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Women Aren’t Always Sentenced By The Book. And Maybe They Shouldn’t Be.

Article here. Excerpt:

'Andrea James pleaded guilty in 2009 to four criminal counts related to a mortgage fraud.

When the time came to argue about sentencing, her attorney asked the judge to consider the fact that James’s son was just 4 months old. But the prosecutors held the high cards, and they objected. “She made the decision to have this baby at the age of 44 when facing criminal charges and a likely prison sentence,” they wrote in a memo to the judge.

Under the default federal sentencing rules, family considerations are generally considered irrelevant. Ultimately, the judge ignored the prosecutors’ argument and did cite family as a reason for giving James a reduced sentence, in addition to her long record of community service. She still ended up with two years in prison, but that was less than half of the default term recommended under the federal guidelines.
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That disparity grows even larger when the full scope of discretionary decision-making is considered. Prosecutors exercise at least as much power as judges in sentencing because they decide what charges to bring after an arrest. A 2015 study from the University of Michigan Law School found that when such decisions are taken into account, sentences for men are on average 63 percent longer than sentences for women.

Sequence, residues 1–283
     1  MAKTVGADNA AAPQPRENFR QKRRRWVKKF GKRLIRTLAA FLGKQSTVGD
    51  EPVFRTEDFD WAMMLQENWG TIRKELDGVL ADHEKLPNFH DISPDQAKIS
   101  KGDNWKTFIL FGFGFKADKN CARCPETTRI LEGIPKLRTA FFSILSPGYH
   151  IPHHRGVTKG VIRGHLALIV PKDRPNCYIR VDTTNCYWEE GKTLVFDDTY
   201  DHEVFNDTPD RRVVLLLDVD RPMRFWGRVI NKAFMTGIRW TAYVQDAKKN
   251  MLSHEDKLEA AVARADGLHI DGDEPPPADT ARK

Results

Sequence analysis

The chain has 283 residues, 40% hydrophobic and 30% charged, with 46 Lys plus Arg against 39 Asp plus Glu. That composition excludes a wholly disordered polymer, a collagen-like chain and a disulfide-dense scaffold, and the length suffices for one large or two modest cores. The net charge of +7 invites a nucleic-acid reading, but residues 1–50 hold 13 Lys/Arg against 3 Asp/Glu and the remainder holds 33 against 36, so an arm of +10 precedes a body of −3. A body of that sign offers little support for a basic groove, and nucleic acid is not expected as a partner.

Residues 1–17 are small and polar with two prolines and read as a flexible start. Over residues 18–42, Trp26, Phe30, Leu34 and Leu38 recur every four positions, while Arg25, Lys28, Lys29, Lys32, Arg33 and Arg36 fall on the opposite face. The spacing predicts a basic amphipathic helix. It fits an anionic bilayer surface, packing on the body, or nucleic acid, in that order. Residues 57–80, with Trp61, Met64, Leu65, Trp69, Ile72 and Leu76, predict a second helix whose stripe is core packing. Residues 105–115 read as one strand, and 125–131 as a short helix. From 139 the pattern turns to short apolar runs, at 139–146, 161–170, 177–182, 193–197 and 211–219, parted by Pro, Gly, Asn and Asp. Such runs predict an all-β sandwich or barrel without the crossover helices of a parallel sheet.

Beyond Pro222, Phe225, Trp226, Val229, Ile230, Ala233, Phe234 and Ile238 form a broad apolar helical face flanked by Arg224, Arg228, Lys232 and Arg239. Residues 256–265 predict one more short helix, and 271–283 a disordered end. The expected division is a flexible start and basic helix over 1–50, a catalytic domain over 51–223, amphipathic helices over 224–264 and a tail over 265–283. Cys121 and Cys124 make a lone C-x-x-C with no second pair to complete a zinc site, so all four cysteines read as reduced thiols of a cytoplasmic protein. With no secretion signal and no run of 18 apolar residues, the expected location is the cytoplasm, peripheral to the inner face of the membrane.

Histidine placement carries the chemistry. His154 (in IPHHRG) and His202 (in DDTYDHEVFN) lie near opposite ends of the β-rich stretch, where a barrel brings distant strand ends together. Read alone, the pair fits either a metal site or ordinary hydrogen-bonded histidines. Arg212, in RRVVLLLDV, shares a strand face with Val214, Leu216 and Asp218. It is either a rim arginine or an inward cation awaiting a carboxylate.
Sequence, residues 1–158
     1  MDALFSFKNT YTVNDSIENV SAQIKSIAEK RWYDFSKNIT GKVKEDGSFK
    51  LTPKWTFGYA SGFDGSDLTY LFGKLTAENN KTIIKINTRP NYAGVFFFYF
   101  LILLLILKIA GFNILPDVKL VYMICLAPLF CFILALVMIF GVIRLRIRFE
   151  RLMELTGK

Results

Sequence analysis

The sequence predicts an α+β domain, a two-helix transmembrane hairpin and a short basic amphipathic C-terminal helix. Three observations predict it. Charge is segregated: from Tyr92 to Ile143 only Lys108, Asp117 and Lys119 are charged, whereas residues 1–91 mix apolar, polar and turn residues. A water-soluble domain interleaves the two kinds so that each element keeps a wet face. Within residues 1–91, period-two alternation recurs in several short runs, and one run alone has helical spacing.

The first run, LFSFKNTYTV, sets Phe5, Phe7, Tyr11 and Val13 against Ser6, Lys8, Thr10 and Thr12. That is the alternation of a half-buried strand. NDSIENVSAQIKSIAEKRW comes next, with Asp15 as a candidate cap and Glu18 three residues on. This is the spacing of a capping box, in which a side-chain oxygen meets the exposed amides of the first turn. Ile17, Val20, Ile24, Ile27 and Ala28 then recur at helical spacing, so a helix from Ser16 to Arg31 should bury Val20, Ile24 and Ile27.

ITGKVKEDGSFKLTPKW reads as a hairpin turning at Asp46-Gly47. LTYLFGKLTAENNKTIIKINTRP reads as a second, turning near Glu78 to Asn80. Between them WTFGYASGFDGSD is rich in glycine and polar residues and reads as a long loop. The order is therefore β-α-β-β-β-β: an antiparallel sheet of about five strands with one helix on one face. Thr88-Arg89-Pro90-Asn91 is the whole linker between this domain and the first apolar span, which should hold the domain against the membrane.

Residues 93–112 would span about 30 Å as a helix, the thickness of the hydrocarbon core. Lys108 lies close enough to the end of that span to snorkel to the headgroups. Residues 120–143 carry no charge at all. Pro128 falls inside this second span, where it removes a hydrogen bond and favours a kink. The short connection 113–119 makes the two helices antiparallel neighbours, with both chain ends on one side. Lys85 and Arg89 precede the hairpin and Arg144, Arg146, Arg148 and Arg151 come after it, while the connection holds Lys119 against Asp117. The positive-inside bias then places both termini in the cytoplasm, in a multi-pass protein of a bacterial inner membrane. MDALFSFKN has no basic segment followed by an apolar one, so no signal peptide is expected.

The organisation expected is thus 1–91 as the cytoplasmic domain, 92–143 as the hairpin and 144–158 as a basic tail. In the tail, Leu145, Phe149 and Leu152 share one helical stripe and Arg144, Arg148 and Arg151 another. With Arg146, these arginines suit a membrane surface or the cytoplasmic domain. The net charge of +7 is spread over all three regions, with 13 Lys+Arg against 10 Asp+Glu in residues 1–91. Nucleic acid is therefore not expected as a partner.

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And the federal guidelines specifically discourage taking family considerations into account, declaring them “not ordinarily relevant” to sentencing. But they are certainly relevant to defendants like James who face separation from their children — and women appear to be particularly affected. Among federal prisoners in 2004, a higher share of men than women reported being the parents of minor children, but almost 80 percent of the mothers reported that they lived with their children just before incarceration, compared with half of the fathers.'

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